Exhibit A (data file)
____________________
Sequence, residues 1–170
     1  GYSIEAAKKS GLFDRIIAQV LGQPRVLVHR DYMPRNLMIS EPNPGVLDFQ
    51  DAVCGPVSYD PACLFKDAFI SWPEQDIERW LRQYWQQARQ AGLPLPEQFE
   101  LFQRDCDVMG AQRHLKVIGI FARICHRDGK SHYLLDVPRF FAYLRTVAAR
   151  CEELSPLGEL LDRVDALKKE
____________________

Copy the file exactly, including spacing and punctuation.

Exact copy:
Sequence, residues 1–170
     1  GYSIEAAKKS GLFDRIIAQV LGQPRVLVHR DYMPRNLMIS EPNPGVLDFQ
    51  DAVCGPVSYD PACLFKDAFI SWPEQDIERW LRQYWQQARQ AGLPLPEQFE
   101  LFQRDCDVMG AQRHLKVIGI FARICHRDGK SHYLLDVPRF FAYLRTVAAR
   151  CEELSPLGEL LDRVDALKKE